3-0-dt 2-0-dt 3-0-dt 2-0-dt
Notes played with the thumb are marked with an asterisk *
This will make it easy to indicate drop-thumb patterns.
1-0-E 2-0-E 1-0-E 5-0-E tells you to strike the first string, thumb the second string, strike the first string and thumb the fifth string.
Rests are indicated with the note value followed by an R.
RQ = quarter note rest RE = eighth note rest.
Here is the melody break for Wreck of the Old 97:
Download as a plain text file.
Wreck of the Old 97
Key of G
G1 = G chord with first string at the fifth fret
G2 = G chord with first string at the seventh fret
0. 2-0-Q 2-1-Q
1. 1-0-Q Gst 1-0-Q 1-2-Q
2. 1-0-Q Gst 2-0-Q 3-0-Q
3. 2-1-Q Cst 2-1-Q Cst
4. 1-2-Q 5-0-Q 1-2-Q 2-1-Q
5. 1-0-Q G st 1-5-Q G1st
6. 1-7-Q G2st 1-5-Q G1st
7. 1-4-Q Dst 2-3-Q Dst
8. 3-2-Q Dst 1-2-Q 1-4-Q
9. 1-5-Q G1st 1-5-Q G1st
10. 1-5-Q G1st 1-0-Q 2-0-Q
11. 2-1-Q Cst 2-1-Q Cst
12. 1-2-Q 5-0-Q 1-2-Q 2-1-Q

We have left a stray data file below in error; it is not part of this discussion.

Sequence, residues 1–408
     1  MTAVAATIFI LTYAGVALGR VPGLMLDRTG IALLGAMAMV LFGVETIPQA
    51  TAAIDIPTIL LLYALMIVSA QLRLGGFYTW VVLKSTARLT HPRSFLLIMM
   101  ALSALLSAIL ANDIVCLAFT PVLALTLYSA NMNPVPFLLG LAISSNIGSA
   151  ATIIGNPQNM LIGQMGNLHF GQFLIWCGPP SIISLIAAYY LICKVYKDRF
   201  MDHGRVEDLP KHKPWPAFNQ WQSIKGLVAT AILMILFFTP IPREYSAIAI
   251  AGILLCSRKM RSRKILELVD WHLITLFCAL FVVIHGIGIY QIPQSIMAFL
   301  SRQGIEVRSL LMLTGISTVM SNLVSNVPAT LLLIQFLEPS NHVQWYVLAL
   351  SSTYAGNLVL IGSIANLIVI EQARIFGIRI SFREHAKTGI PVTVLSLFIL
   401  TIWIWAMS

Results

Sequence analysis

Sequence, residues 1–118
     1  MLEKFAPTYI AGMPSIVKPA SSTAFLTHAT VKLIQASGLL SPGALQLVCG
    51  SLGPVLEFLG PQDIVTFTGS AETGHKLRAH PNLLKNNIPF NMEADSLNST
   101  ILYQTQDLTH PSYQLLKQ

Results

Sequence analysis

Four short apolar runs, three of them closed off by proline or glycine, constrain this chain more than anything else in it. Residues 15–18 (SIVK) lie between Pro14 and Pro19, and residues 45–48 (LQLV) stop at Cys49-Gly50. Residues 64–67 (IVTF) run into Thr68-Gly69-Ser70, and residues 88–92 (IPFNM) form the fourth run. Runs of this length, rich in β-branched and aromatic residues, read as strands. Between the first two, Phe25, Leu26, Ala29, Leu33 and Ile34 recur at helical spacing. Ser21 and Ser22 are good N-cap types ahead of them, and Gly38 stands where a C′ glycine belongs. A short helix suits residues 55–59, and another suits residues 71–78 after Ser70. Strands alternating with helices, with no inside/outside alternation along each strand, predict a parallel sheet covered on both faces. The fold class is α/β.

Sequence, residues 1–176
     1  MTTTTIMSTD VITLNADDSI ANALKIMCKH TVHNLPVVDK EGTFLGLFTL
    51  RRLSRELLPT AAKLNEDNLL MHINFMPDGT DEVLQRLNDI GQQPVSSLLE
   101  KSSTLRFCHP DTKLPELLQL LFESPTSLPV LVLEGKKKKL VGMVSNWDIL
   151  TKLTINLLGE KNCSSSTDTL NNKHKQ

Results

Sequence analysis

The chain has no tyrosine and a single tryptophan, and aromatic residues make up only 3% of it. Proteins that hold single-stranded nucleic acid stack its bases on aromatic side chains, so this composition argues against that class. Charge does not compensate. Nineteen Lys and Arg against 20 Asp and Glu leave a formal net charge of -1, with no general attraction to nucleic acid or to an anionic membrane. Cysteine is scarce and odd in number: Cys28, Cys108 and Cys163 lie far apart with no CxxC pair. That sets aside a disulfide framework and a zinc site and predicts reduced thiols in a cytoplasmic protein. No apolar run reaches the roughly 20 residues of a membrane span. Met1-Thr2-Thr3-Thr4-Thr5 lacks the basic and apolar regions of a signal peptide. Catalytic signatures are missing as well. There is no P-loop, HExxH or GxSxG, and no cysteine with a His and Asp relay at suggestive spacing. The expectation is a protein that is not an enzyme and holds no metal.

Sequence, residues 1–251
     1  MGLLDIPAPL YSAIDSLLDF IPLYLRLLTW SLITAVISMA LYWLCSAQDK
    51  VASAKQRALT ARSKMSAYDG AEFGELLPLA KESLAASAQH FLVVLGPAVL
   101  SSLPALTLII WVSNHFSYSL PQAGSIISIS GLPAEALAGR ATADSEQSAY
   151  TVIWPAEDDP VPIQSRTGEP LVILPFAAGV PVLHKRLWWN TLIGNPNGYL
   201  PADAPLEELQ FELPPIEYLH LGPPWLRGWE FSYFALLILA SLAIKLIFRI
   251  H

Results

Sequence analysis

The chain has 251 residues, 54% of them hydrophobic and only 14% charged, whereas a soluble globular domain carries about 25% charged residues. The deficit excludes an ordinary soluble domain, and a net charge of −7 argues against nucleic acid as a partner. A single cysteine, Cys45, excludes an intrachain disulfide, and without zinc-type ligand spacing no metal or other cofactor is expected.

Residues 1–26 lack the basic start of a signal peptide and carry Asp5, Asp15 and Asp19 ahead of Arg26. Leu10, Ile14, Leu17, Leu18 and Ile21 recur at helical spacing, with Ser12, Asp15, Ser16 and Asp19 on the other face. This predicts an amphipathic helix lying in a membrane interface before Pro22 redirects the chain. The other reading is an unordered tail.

13. 1-0-Q Gst 2-0-Q 3-0-Q
14. 3-2-Q D7st 2-0-Q 3-2-Q
15. 3-0-Q Gst 4-0h2 Gst
16. 3-0-Q Gst 2-0-Q 2-1-Q
I have a pretty nice archive of tunes tabbed out with the system. Over the next few weeks I will be re-posting them along with the braille-friendly editions of The Outlaws and Scalawags Songbook and The How and the Tao of Old Time Banjo that were created by Daily Frail fans.
I am also looking into how we can adapt the system to work for guitar and other instruments. Tab is such a visual thing, so this will hopefully make it easier for visually-impaired music students. If you have any ideas, let me know.
When the folks from The Washington Post were here on Saturday my mom dragged out a bunch of old photographs and news clippings. I was kind of surprised by some of the items because I didn’t even know she had been saving any of that stuff.